The textiles sector is feeling the pressure of low demand and higher costs due to global inflation and geopolitical circumstances. A survey undertaken among 250 participants in a recent meeting organized by the Texas Cotton Association revealed that the demand for non-essentials like textiles is low, and the imports to the U.S. and other developed economies will pick up during the second quarter of 2024.
What does this survey reveal? Demand for textiles will depend on the economy and therefore the industry must follow a systematic approach in delivering products at a competitive price that will cater to the requirements of the global market. The 2PS approach—Products (P) and Processes (P) as a System (S)—offers a sensible path to deal with uncertainties.
While the commodity textiles sector may not spearhead the growth of the industry soon, there are certainly opportunities for textiles in protective and defense markets, health, hygiene, and also environmental protection. New developments can be accomplished if the industry follows a products and process systems approach. Among the immediate market segments for this approach are sportswear, military clothing, agrotextiles and geotextiles.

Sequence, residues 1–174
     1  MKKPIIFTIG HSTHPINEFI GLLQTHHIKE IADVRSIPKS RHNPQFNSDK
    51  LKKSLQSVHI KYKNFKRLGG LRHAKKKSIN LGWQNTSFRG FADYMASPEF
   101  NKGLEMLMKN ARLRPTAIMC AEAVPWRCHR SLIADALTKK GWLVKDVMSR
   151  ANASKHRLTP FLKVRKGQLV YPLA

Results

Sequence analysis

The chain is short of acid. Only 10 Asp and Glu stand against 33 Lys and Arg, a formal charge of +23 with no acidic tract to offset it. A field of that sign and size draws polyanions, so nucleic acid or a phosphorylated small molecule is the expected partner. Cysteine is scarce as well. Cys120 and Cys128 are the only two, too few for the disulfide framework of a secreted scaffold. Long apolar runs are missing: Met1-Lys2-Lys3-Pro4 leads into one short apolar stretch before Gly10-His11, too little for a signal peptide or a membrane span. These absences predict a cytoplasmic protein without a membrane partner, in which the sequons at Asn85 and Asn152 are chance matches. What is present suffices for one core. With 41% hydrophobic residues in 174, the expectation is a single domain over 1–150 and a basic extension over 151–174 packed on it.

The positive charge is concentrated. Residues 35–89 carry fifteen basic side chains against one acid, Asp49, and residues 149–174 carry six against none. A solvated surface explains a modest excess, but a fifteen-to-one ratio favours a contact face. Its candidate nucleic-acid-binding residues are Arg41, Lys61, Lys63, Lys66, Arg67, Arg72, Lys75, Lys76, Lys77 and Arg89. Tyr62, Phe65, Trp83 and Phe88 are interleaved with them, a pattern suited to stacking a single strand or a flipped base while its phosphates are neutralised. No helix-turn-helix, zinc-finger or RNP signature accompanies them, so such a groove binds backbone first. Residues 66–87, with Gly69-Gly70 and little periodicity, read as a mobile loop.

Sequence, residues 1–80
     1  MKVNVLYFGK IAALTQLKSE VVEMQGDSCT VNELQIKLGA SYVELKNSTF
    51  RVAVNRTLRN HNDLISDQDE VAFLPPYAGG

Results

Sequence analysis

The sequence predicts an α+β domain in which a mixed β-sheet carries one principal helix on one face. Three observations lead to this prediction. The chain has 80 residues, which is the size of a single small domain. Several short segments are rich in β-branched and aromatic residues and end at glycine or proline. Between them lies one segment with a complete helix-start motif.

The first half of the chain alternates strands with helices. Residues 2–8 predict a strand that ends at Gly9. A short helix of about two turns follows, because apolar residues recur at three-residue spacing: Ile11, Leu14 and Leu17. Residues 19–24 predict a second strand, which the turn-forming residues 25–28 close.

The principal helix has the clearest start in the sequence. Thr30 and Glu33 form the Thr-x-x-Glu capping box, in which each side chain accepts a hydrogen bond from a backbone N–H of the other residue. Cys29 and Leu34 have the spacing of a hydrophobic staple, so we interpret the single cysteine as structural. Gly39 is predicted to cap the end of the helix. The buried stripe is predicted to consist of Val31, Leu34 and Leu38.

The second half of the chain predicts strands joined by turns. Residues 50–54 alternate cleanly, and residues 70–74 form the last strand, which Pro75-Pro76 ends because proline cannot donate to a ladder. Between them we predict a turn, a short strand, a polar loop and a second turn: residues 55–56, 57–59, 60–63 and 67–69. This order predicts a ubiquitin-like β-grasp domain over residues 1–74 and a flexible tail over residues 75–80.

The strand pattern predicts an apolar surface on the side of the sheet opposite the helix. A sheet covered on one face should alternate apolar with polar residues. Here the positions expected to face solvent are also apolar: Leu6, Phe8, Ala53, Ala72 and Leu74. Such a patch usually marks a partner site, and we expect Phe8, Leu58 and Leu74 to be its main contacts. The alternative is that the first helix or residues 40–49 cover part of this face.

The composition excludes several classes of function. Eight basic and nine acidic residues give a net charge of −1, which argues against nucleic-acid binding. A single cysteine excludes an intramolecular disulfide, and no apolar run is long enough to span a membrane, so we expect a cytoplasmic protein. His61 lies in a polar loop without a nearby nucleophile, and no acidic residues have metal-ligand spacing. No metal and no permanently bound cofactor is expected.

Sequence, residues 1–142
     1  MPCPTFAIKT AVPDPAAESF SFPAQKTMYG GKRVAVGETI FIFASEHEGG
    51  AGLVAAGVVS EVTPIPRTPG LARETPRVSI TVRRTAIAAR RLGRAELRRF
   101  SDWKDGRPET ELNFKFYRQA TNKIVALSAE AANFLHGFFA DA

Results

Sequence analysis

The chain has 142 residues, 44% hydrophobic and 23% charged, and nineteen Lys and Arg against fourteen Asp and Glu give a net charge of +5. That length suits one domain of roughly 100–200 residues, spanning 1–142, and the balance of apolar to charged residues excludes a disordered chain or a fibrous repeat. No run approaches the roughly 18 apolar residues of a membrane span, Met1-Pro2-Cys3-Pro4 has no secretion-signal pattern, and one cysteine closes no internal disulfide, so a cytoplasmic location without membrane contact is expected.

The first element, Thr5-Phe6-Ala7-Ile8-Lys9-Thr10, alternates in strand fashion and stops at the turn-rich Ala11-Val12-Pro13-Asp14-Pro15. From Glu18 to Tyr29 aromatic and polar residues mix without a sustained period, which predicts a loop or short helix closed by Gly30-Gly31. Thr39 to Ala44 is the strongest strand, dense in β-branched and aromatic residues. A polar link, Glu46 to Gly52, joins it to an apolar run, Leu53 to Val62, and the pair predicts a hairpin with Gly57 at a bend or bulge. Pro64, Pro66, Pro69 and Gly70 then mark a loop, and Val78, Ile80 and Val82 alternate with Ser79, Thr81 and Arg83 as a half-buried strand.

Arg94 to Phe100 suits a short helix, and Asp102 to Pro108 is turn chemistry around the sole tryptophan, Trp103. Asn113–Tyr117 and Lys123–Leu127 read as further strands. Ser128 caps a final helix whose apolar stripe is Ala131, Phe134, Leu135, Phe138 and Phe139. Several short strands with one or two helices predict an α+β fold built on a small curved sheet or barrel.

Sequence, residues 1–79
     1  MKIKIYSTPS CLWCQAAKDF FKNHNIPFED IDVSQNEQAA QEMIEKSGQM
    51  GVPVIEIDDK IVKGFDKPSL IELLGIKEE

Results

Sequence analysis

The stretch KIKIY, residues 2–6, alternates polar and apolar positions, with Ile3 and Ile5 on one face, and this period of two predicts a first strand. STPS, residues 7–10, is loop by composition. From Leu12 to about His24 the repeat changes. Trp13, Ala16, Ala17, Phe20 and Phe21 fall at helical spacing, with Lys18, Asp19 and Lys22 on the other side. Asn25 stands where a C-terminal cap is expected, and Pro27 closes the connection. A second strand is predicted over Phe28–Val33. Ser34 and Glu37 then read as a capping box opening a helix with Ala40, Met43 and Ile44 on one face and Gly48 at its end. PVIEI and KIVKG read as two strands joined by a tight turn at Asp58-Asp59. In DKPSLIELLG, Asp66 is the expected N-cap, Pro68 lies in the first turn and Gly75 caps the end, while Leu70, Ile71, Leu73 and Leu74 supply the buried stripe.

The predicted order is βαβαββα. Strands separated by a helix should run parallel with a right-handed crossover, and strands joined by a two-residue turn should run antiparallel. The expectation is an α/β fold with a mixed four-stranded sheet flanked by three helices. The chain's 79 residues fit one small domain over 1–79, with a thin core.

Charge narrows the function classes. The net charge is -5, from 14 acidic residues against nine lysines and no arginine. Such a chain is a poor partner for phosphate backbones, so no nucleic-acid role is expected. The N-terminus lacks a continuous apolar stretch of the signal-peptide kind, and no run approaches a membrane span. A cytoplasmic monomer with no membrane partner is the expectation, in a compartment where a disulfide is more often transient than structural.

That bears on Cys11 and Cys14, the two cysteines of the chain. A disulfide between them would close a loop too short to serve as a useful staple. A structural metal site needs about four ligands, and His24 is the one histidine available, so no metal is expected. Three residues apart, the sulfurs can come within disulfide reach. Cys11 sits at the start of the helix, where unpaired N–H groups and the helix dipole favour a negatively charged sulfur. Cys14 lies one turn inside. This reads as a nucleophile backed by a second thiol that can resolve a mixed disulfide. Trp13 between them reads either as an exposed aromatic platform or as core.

Chem-bio defense textiles
The chemical and biological protective textiles sector is particularly suited for adopting the systems approach. As approval for new medicines through the U.S. Food and Drug Administration is a time- and money-consuming process, getting regulatory clearance and approval for defense applications are also complex. A collaborative and systems approach can be a useful pathway.
Major agencies, such as the Defense Advanced Research Projects Agency (DARPA) and the Biomedical Advanced Research and Development Authority (BARDA), are involved in such approvals and play vital roles in initiating and funding projects. More frequently these agencies are looking at systems approaches to find solutions to tackle complex threat situations, including chemical attacks, pandemics and biological warfare scenarios.
Given the complex challenges in handling toxic chemicals belonging to different classes (blister agents, nerve gas, toxic industrial chemicals and others), simply using a high surface area adsorptive substrate may not be a panacea. The U.S. Army Natick Soldier Systems Center has been at the forefront in research to develop a universal PPE substrate to tackle chemical and biological agents using the systems approach. Even though this is a tall challenge, the effort is much needed and will move the research forward in CBRN (chemical, biological, radiological, nuclear) defense.